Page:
International gal of mystery
DESPITE her star turn in The Avengers, Black Widow isn’t getting a solo movie (yet). But she does have a new comic book, which she richly deserves.
’Twas not always so. Black Widow has a long history in comics, one that until relatively recently would make her a rather surprising candidate for her own title, much less a big role in an Avengers movie.
The first Black Widow – yes, there’s been more than one – was a character named Claire Voyant, who debuted in Mystic Comics #4 in the summer of 1940. That precedes Wonder Woman, and possibly all other costumed super-heroines. (Most “mystery women” in those days operated in evening gowns, high heels and domino masks. Seriously.)
Claire didn’t last long – only five appearances – possibly because she wasn’t a very nice person. Believe it or not, this Black Widow worked for Satan, killing evildoers on Earth and delivering their souls to hell. That isn’t a terribly admirable profession, although the end result is bad guys getting just deserts.
Mystic was a title from Timely Comics, the predecessor to today’s Marvel Comics, where the next, and current, Black Widow made her debut in an Iron Man story in 1964. She was still pretty unrecognisable – but still not a very nice person.
She was a Soviet spy, and what is referred to as a “honey trap”. Far from her current status as a black ops agent, Black Widow was originally a femme fatale, complete with black evening gown, white opera gloves, furs, veil and a beauty mark, right where Marilyn Monroe’s was. Her Soviet masters sent her over here to seduce Tony Stark – not much of a challenge in those days – and steal weapons-systems plans.
Her name was Natasha Romanoff. Natasha was possibly the best-known Russian girl’s name in America, thanks to Natasha Fatale in The Rocky & Bullwinkle Show, which premiered in 1959. And Romanoff was perhaps the best known Russian surname, given that it was the family name of the last czar of Russia, Nicholas II, who was executed in the Russian Revolution.
Natasha finally saw the error of her ways, and defected. (Her Soviet masters trying to kill her for failing probably influenced the decision.)
After hanging around Hawkeye (whom she had previously seduced) and the Avengers for a while, she went to work for S.H.I.E.L.D. and then later, abruptly, ran off to San Francisco to become Daredevil’s partner. It was at that point that she was finally made an Avenger (1973), the third woman to be so honoured. (The first was founding member The Wasp, whom I hope we will meet in the Ant-Man movie, and Scarlet Witch, whom we will see in Avengers: Age Of Ultron, both premiering in 2015.)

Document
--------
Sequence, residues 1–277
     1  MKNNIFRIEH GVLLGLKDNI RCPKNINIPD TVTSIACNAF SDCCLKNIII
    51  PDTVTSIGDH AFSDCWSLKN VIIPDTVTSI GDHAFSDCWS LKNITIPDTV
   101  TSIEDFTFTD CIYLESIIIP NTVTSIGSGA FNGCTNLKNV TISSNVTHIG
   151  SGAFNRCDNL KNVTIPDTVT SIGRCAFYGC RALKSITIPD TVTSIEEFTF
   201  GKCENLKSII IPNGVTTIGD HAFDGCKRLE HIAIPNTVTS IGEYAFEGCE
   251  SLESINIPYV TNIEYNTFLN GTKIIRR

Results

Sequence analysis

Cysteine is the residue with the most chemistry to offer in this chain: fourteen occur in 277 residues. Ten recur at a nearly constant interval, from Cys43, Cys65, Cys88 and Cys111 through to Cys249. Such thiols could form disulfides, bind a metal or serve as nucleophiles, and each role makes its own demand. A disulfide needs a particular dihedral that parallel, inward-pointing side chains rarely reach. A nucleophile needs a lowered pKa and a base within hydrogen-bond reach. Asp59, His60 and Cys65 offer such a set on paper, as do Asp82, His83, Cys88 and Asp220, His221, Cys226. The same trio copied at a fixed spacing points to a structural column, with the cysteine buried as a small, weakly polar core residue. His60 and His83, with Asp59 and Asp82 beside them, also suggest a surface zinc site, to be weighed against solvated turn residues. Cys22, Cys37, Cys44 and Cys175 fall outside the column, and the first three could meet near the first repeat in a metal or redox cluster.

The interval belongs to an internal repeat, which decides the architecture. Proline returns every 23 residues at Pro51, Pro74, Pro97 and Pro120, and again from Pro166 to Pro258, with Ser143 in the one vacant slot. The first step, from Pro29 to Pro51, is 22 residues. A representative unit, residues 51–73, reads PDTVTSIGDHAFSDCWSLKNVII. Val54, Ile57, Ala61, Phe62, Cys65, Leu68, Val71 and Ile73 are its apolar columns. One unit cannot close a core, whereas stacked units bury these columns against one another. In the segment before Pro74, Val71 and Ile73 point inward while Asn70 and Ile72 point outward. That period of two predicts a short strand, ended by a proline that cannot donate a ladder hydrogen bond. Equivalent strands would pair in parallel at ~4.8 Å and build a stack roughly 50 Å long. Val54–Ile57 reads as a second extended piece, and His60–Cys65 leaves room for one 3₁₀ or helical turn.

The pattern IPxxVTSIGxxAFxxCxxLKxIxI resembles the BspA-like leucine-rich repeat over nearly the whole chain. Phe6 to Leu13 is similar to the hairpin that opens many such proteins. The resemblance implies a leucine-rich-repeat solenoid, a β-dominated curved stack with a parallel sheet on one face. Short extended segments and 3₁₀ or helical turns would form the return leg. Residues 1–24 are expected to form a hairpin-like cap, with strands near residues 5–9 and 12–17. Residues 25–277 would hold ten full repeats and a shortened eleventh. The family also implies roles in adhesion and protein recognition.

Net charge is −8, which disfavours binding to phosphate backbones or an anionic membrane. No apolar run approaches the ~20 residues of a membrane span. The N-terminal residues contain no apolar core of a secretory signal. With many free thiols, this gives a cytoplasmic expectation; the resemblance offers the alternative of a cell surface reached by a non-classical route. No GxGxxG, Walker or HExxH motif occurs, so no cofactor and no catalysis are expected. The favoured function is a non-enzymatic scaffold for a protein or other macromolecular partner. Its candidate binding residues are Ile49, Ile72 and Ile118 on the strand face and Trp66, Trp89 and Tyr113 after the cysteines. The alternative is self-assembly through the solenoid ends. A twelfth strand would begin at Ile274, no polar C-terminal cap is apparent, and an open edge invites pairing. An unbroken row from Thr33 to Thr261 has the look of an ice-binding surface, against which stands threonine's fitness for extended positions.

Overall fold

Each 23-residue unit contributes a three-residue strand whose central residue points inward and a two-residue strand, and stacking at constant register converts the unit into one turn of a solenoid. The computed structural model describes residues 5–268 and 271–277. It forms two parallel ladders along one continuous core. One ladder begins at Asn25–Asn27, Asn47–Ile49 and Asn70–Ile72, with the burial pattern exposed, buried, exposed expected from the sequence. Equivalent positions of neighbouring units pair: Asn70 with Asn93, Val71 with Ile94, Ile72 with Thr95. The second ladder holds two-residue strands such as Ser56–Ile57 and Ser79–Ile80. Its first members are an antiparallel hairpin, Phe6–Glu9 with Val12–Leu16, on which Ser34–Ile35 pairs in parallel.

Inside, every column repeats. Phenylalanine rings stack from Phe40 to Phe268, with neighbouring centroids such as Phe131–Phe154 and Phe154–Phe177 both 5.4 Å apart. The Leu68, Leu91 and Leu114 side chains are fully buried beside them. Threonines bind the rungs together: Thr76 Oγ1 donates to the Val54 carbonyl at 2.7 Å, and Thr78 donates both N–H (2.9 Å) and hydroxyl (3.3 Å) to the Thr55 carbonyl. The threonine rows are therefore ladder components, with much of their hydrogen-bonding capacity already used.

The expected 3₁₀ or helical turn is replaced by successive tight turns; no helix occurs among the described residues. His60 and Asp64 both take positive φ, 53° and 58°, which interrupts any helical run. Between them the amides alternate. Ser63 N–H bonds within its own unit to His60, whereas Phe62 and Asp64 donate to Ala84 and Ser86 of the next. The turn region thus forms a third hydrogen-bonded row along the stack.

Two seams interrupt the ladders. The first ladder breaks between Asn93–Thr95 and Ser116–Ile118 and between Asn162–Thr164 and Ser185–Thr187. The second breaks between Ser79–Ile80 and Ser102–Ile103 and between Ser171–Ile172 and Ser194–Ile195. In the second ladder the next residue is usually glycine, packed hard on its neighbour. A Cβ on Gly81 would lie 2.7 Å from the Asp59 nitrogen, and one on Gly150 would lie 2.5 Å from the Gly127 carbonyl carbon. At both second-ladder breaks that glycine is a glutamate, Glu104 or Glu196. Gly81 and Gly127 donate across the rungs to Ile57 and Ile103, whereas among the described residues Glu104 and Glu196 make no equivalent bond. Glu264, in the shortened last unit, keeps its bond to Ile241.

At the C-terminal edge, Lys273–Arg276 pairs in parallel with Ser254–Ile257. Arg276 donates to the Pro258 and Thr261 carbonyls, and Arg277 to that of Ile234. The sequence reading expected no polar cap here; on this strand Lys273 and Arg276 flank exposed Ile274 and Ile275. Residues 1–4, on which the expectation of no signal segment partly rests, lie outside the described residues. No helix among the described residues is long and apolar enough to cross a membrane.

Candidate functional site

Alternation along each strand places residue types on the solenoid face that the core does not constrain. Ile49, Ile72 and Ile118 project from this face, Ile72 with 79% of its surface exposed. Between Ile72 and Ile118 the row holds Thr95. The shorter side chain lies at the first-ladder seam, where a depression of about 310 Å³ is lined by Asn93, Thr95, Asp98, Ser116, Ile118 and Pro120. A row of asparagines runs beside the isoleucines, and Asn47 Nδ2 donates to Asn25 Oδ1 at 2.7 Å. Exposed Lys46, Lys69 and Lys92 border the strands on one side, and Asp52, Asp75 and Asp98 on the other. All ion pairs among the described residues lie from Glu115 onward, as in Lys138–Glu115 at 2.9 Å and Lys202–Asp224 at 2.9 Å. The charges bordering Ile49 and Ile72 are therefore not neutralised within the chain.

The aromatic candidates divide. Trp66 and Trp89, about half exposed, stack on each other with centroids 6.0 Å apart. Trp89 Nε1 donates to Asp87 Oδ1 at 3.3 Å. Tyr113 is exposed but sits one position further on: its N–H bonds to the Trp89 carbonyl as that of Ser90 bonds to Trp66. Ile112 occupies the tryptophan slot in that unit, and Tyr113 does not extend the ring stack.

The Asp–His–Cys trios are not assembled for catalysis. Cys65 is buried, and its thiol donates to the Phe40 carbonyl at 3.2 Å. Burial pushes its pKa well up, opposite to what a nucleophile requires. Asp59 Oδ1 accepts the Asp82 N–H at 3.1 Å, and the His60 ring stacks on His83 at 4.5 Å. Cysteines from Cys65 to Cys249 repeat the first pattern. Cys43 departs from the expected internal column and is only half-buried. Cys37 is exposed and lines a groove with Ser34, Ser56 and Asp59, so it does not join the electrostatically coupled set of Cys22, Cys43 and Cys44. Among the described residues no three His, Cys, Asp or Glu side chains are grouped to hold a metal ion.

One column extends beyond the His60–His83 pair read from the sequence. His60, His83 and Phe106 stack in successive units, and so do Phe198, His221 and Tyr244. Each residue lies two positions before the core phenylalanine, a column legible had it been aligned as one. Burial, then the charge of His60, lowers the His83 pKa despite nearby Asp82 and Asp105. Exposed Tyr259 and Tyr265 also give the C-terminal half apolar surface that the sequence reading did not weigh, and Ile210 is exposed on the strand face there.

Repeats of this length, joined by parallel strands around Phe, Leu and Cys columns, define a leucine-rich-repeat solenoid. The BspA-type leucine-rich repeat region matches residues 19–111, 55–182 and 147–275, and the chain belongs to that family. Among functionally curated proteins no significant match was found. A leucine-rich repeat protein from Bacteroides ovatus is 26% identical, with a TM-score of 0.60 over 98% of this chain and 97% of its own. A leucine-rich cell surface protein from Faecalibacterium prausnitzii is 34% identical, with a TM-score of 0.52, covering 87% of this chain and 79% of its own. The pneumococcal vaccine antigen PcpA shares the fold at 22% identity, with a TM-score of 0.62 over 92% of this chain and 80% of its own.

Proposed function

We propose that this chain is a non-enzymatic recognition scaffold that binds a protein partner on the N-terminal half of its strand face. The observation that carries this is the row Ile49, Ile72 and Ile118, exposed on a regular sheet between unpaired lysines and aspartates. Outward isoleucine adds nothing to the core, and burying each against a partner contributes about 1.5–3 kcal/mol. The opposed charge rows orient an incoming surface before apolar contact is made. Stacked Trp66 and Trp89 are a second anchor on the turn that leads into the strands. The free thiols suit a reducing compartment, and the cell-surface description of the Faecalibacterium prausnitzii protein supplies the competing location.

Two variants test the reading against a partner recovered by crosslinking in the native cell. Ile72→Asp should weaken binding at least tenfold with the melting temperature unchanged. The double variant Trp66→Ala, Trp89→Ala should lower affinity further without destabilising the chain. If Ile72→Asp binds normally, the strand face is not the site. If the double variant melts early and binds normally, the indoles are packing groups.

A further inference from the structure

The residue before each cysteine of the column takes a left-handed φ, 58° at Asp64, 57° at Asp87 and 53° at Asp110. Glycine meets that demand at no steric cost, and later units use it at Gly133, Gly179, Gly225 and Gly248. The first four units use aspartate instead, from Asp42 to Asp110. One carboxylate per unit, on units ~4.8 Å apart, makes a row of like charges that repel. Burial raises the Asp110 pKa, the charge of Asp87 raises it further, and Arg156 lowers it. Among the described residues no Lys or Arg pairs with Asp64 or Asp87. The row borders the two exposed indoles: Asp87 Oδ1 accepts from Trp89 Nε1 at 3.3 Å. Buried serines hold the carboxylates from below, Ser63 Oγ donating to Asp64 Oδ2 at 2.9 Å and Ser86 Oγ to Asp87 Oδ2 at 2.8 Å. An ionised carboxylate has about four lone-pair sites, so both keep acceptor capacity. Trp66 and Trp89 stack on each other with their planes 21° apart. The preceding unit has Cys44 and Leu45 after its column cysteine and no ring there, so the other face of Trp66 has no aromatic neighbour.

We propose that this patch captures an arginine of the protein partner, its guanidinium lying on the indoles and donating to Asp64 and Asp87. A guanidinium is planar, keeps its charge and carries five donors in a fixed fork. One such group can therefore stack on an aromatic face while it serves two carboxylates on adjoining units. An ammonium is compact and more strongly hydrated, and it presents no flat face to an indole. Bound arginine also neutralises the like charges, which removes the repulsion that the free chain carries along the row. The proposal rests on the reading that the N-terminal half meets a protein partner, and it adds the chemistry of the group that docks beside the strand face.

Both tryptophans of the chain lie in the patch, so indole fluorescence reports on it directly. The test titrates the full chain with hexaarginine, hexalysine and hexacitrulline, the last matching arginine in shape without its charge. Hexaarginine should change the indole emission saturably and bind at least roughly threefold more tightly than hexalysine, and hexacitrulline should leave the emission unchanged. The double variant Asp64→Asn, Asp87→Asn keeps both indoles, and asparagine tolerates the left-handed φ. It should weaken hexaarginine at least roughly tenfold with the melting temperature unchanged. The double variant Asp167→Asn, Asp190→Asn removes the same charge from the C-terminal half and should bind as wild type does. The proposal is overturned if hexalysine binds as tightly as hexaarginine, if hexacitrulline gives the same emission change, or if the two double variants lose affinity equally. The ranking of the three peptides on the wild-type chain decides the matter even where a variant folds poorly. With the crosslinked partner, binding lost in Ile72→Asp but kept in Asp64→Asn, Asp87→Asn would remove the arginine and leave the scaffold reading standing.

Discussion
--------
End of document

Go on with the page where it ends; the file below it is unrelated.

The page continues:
Along the way, Natasha had ditched the evening gown for a genuine superhero suit, with grappling line and suction cups to walk on walls. Not exactly Spider-Man, you’ll agree, but she was becoming more like the super-agent we saw on screen in Iron Man 2 and Avengers.
That continued in, of all places, a 1970 issue of Amazing Spider-Man, where she adopted the skin-tight black leathers we know today. And over the years her armament has been upgraded, and even her name made more genuinely Russian (it’s now Natalia Alianovna Romanova).
And her past has not only been expanded, but has changed multiple times. In her first appearance, she was the widow of a cosmonaut. Later, it was changed to where she had been a prima ballerina recruited by the KGB. Some stories even showed her fighting in World War II!
And so what? She’s a spy! Some of those pasts could be true, or none of them, or even a combination thereof. Which is one reason I find her so fascinating. She could be lying every time she opens her mouth, and you’d never know, because she’s very, very good at it.
I think it’s a shame that there is no Black Widow movie on the current Marvel Cinematic Universe roster, as I think the character has enormous potential – especially as played by Scarlett Johansson, who has enormous range as an actress. Well, we can hope. Meanwhile, we have this new Black Widow title. The first issue shipped Jan 8 and the second, on Jan 22. According to Marvel, this title will depict the Widow seeking atonement for her bloody past in the darkest corners of the world.
“(Writer) Phil Noto and (artist) Nathan Edmondson have one of those magical creative partnerships that bring out the best in both of them,” said series editor Ellie Pyle, in a press release.
“Together they bring you a Natasha who is unsettlingly human in the midst of all the action and intrigue you’d expect.”
It’s not Scarlett Johansson, but it’ll do! – McClatchy-Tribune Information Services
black Widow first appeared in 1964, looking like a 1950s movie star. This is her second appearance, in Talesof
Suspense#53. — Marvel entertainment
blackWidow#2 will arrive two weeks after the first issue. — Marvel entertainment Inc./ MCT